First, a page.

Catholics don’t always outwardly evangelize like other Christians because they think actions speak louder than words. No doubt many think like that, but it’s no libel to suggest that such an excuse often masks other reasons — including embarrassment and timidity.
No great Christian evangelist ever relied on actions alone to the exclusion of words. On the first Pentecost, Peter “raised his voice and proclaimed” to the Jews assembled in Jerusalem (Acts 2:14). He preached and wasn’t satisfied to evangelize only through setting a good example. In this he followed his Lord, who sent his apostles out in pairs to preach repentance and to heal (Mk 6:7-13). Paul undertook perilous journeys not so Jews and Gentiles alike could make a cool appraisal of his actions, but so they would hear his urgent pleas to convert.
Think of Patrick preaching in Ireland, Cyril and Methodius telling the Slavs about the Christ, Robert Bellarmine arguing eloquently with Protestant Reformers, John Paul II traveling around the world and insisting on the necessity of the whole Catholic faith. They weren’t satisfied with actions alone. Yes, a person who acts well may be called a good Christian, but for many people that designation today means little.
An American delegate to the United Nations, when asked by the press some years ago how to solve the Middle East crisis, replied, “The solution is really quite simple. All we have to do is to get the Arabs and Israelis to sit down together and talk things over like good Christians.” The poor man had no idea what he was saying. Arabs, at least the large majority, and Jews are not Christians. They may talk with one another like good Christians. But, short of conversion, they never will be good Christians, no matter how often they mimic good Christians in their actions.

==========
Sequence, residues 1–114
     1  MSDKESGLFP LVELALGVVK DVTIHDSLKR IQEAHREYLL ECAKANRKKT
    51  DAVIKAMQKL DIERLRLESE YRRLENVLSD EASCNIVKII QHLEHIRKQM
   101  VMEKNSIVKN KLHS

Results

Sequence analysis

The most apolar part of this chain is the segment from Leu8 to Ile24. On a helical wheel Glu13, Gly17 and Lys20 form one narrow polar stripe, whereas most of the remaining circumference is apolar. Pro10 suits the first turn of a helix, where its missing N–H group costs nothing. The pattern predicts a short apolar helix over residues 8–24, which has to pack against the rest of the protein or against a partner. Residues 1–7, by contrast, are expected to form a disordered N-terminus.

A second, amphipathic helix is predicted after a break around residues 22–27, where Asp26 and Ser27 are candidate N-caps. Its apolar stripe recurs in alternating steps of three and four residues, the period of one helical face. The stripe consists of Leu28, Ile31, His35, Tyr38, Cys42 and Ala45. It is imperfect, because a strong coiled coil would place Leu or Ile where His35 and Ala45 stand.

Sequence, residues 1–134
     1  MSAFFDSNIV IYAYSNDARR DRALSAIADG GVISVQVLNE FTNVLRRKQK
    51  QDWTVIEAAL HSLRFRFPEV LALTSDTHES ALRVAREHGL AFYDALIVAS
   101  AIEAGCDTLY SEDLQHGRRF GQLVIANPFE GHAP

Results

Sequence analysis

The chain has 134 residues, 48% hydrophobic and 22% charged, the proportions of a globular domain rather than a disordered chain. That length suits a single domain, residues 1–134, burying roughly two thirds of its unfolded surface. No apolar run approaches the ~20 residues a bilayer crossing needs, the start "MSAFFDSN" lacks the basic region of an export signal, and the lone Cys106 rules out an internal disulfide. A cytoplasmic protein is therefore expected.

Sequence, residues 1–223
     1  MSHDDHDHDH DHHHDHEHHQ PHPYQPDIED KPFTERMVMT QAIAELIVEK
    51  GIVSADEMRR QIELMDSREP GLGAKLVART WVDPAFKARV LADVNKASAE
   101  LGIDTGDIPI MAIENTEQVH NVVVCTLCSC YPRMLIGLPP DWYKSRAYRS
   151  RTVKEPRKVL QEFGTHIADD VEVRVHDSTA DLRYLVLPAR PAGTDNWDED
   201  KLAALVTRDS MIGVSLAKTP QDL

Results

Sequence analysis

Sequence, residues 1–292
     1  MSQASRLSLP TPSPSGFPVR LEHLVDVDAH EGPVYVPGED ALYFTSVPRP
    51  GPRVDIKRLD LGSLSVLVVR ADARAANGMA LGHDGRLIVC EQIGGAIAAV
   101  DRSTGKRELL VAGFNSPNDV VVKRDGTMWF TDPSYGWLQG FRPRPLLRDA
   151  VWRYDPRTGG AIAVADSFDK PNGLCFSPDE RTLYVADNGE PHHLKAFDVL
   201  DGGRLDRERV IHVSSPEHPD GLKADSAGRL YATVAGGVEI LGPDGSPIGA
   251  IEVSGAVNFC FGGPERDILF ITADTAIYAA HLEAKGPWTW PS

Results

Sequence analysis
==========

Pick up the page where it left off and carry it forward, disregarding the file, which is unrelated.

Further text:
Just before he ascended into heaven, Jesus instructed the apostles and, derivatively, all Christians “to make disciples of all nations, baptizing them in the name of the Father, Son and Holy Spirit, teaching them to observe all that I have commanded you” (Mt 28:19-20). He didn’t say, “Go out, set a good example, and be satisfied with that.” He told us to preach and teach the faith. Evangelization that isn’t outwardly visible isn’t evangelization at all.
Many other Christians and pseudo-Christians realize this. They’re not afraid to take their messages to others. Think of the street-corner fundamentalist preacher and the evangelical televangelist. In fact, the most successful in terms of new converts are precisely those pseudo-Christian sects, such as the Mormons and Jehovah’s Witnesses, which emphasize door-to-door evangelization.
Catholics are starting to wake up to this fact. It’s about time, since about half of all new converts to Mormonism and the Jehovah’s Witnesses, not to mention fundamentalism, are former Catholics.
KARL KEATING is the founder of Catholic Answers. This column is reprinted with permission
from his book What Catholics Really Believe — Setting the Record Straight: 52 Answers to Common Misconceptions About the Catholic Faith (Ignatius Press, San Francisco 1995).
Christ … fulfills this prophetic office, not only by the hierarchy … but also by the laity. He accordingly both establishes them as witnesses and provides them with the sense of the faith [sensus fidei] and the grace of the word. To teach in order to lead others to faith is the task of every preacher and of each believer.
Lay people also fulfill their prophetic mission by evangelization, that is, the proclamation of Christ by word and the testimony of life. For lay people, this evangelization … acquires a specific property and peculiar efficacy because it is accomplished in the ordinary circumstances of the world….The true apostle is on the lookout for occasions of announcing Christ by word, either to unbelievers … or to the faithful.
Catechism of the Catholic Church, #904-905